Get quotes from these car insurance providers and more
Last updated: 29 September 2020
Every UK car insurance policy will provide minimum third party cover to drive in other European Union (EU) countries, but this will only cover other drivers' costs, so you should consider extending your cover to get the best protection.
Many car insurance policies let you extend your European cover so you will get the same protection as you have in the UK.
So, if you have a fully comprehensive policy, you will get comprehensive cover when you drive in Europe too.
However this is not always offered as standard you will need to compare car insurance to see which insurance policies include European full comprehensive cover.
Most will European car insurance policies will include the following terms and conditions:
A maximum period for the term of the European car insurance policy: this is normally a total of 180 days a year.
A maximum length of each individual trip: this is normally between three and 90 days, depending on the insurer.
If you are planning to be away in a foreign country for three months during the year, make sure you get cover for at least 90 days.
Make sure each trip made during those 90 days does not exceed the single trip limit.
Unlimited cover in some cases: some insurance companies offer unlimited annual European cover, which means you will get the same cover at home and abroad for trips of any length during the policy.
You should also make sure the policy you choose covers everything you need, not just driving in Europe. Here is everything car insurance can cover you against.
Short term car insurance can cover any trips to Europe but check your level of cover first.
All European Union (EU) countries and other destinations like Andorra and Switzerland. The policy documents will outline which countries are included.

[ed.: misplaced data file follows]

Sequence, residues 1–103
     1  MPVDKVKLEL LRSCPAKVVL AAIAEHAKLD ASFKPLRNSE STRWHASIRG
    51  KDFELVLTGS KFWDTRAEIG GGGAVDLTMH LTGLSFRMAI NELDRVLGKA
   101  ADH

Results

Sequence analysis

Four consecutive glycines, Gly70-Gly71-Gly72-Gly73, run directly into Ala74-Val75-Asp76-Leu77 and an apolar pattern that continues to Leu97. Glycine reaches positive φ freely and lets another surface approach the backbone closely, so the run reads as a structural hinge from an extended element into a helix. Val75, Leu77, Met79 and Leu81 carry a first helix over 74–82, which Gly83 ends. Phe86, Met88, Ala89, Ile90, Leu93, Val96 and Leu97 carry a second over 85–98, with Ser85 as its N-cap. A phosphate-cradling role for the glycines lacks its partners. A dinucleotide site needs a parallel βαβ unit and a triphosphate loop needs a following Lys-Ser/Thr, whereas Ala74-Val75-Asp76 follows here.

No, only if you have added European breakdown cover to your policy, or taken out a standalone European breakdown policy.
No, most countries do not require you to have a Green Card. However, some countries insist foreign drivers carry a ‘green card’ – a form of ID you can get free from your insurer.
Countries where you are required to have a Green Card, include: Albania, Belarus, Bosnia and Herzegovina, Iran, Israel, Macedonia, Moldova, Montenegro, Morocco, Russia, Tunisia, Turkey, and Ukraine.
It can cover damage to your and another driver's car after an accident. It can also cover theft, vandalism, fire and more.
Sometimes, insurers will cover damages but not theft, but within Europe it is normally basic third-party cover.
This your car won’t be covered for damages, or any expenses for personal injuries sustained.
know what you are covered for whether you have third-party only (TPO), third-party damage, fire and theft (TPFT) or comprehensive cover
third-party only insurance will not cover damage to your own car or your medical expenses
third-party damage, fire and theft insurance also covers you for arson and if things are stolen from your car
check how many days you are insured for
Before you do, make sure you have the right to drive in your country of choice: check on gov.uk where you can use your licence abroad.
If you hold a British driving licence you are fine to drive in:
European Union (EU) member countries
European Economic Area (EEA) and Switzerland
You’ll need an International Driving Permit to drive in countries outside of these zones